By Rich Gaul, BWC Safety Technical Adviser
Taking some simple steps can help protect your employees from ailments caused by exposure to low temperatures, wind and moisture.
The two primary health risks in cold weather are hypothermia and frostbite. Hypothermia occurs when the body loses heat faster than it can replace it, causing your core body temperature to drop below 95 degrees Fahrenheit (35 degrees Celsius). Frostbite is a condition where human tissue freezes. Frostbite most commonly affects the face, ears, fingers and toes. It is important to recognize the early warning signs of hypothermia and frostbite and take necessary precautions to prevent them.
Early warning signs of hypothermia include feeling extremely cold; shivering; cold or numb fingertips or toes; impaired fine-motor control; slurred speech; confusion or disorientation; drowsiness. You should train employees to recognize these early warning signs and how to take the necessary precautions to prevent hypothermia.
Treatment for hypothermia includes getting the person indoors or to other warm shelter; removing wet or damp clothing; wrapping them in warm dry blankets; getting them to drink warm, sweet liquids; monitoring their condition closely and calling for emergency medical attention if needed.
Early warning signs of frostbite include skin that appears slightly swollen, waxy looking and feels cold or numb. More severe frostbite affects deeper layers of tissue. Skin may become completely numb and blister. Deep tissue, including muscle, blood vessels and bone may freeze and turn black.
Treatment for frostbite includes getting the victim indoors or to other warm shelter; removing any wet or damp clothing; removing jewelry or constrictive clothing that could restrict blood flow; gently and slowly warming the superficial frostbite by covering affected areas with warm dry towels or submerging in lukewarm water (100 to 105 degrees Fahrenheit); seeking immediate medical attention for moderate to severe frostbite.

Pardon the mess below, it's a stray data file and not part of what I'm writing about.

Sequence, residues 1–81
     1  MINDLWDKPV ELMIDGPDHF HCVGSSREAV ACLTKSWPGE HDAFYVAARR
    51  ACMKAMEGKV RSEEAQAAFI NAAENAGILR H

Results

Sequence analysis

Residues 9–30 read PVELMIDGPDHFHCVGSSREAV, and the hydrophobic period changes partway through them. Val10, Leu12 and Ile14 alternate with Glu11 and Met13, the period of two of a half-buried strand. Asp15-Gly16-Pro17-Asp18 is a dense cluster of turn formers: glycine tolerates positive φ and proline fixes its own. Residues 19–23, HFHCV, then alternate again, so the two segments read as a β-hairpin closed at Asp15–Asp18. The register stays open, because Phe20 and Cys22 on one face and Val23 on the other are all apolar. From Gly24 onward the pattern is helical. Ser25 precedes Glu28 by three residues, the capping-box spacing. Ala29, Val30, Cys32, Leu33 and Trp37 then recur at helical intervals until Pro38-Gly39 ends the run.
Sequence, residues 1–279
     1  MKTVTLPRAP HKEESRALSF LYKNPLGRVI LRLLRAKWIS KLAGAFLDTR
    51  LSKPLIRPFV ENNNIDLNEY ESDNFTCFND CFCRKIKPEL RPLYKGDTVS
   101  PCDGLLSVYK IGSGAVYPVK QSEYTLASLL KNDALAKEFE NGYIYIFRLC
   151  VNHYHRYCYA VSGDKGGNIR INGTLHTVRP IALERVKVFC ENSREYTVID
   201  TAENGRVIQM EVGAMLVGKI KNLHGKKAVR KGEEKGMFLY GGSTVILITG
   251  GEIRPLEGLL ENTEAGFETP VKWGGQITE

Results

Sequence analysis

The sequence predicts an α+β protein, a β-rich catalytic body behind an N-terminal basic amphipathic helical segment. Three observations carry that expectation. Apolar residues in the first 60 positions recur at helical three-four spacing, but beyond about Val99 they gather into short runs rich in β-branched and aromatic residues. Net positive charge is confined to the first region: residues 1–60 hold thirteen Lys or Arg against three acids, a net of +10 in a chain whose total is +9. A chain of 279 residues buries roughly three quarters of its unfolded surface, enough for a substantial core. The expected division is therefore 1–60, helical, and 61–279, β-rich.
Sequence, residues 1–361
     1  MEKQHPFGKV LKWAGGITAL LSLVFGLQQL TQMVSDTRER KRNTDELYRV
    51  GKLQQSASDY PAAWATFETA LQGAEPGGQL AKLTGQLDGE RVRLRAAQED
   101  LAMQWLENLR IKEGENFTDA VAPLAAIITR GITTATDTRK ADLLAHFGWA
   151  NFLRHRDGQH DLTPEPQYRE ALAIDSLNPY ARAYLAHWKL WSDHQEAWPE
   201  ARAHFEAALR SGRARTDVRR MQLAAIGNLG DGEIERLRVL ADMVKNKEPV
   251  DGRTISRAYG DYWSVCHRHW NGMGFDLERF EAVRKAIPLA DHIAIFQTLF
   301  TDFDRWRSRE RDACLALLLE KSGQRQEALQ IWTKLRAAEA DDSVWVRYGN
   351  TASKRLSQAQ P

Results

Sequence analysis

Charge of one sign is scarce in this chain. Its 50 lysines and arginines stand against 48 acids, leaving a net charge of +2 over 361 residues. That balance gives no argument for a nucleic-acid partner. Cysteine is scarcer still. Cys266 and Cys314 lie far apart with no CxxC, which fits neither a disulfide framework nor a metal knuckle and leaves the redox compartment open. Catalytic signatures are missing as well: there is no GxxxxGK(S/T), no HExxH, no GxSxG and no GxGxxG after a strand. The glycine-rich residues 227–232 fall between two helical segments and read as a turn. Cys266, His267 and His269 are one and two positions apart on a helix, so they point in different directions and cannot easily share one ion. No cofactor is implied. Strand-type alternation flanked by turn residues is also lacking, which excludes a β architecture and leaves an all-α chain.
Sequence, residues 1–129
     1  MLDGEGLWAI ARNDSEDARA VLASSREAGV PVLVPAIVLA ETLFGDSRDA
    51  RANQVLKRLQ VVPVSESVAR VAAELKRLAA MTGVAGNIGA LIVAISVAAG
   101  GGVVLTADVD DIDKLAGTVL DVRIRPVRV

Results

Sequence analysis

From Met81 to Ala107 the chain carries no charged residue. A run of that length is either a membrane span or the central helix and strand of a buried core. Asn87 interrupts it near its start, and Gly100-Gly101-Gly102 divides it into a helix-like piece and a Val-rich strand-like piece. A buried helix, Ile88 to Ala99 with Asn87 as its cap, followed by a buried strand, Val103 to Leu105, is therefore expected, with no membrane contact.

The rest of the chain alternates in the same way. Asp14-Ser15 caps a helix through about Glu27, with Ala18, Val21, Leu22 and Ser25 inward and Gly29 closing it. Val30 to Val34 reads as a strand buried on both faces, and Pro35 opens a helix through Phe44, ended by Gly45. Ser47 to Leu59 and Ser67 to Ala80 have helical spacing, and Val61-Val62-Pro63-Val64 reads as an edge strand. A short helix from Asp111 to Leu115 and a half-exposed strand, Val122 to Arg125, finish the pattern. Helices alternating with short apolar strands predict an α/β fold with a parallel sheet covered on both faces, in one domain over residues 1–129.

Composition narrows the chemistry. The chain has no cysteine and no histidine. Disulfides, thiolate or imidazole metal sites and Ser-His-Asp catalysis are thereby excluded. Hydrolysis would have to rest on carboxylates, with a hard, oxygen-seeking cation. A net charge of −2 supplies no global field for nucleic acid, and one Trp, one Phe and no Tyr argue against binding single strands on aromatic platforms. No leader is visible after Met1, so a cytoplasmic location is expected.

Prevention – employers should:
- Train employees;
- Provide engineering controls;
- Implement safe work practices;
- Consider protective clothing that provides warmth.
Training – at a minimum employers should train workers on:
- Recognizing the symptoms of cold stress and frostbite and prevention measures;
- The importance of self-monitoring and monitoring coworkers for symptoms;
- First-aid procedures and how to call for medical assistance in an emergency;
- How to select and wear proper clothing for cold, wet and windy conditions.
Engineering controls – employers should:
- Provide shields around outdoor work areas to reduce wind chill;
- Add radiant heaters if feasible;
- Apply de-icing materials to prevent slips and falls.
Safe work practices
- Schedule routine maintenance and repairs during warmer months.
- Schedule cold-weather jobs in the warmer part of the day.
- Monitor weather conditions and avoid exposure to extremely cold temperatures.
- Limit the amount of time outdoors in cold weather.
- Provide warming areas for use during breaks.
- Provide warm liquids to drink.
- Acclimatize employees gradually to allow them to build up tolerance to cold environments.
- Monitor employees and provide means of communication.
Although there is no Occupational Safety and Health requirement for employers to provide workers with ordinary clothing or other items solely for protection from cold weather, many employers provide workers with winter weather gear such as winter coats, hats, gloves, etc. Regardless of whether the employer or the employee provides protective clothing, employers should encourage employees to wear proper clothing for cold-weather conditions. This includes wearing:
- Several layers of loose fitting clothing, allowing workers to add or remove layers as needed;
- A hat that covers your ears;
- Mittens or gloves;
- Thick wool socks and waterproof boots to keep your feet warm and dry.
When performing outdoor work activities:
- Warm up and stretch before any strenuous physical exercise, including snow shoveling;
- Drink plenty of water to stay hydrated;
- Protect your back by using good lifting techniques;
- Pace yourself to avoid sweating;
- Adjust your clothing layers according to your physical activity;
- Take frequent breaks and go indoors to warm up;
- Move slowly and carefully to avoid slipping on icy pavement.
Working in cold winter weather conditions or indoor cold environments may be unavoidable, but following the practices outlined above will help keep employees safe when they are exposed to cold conditions.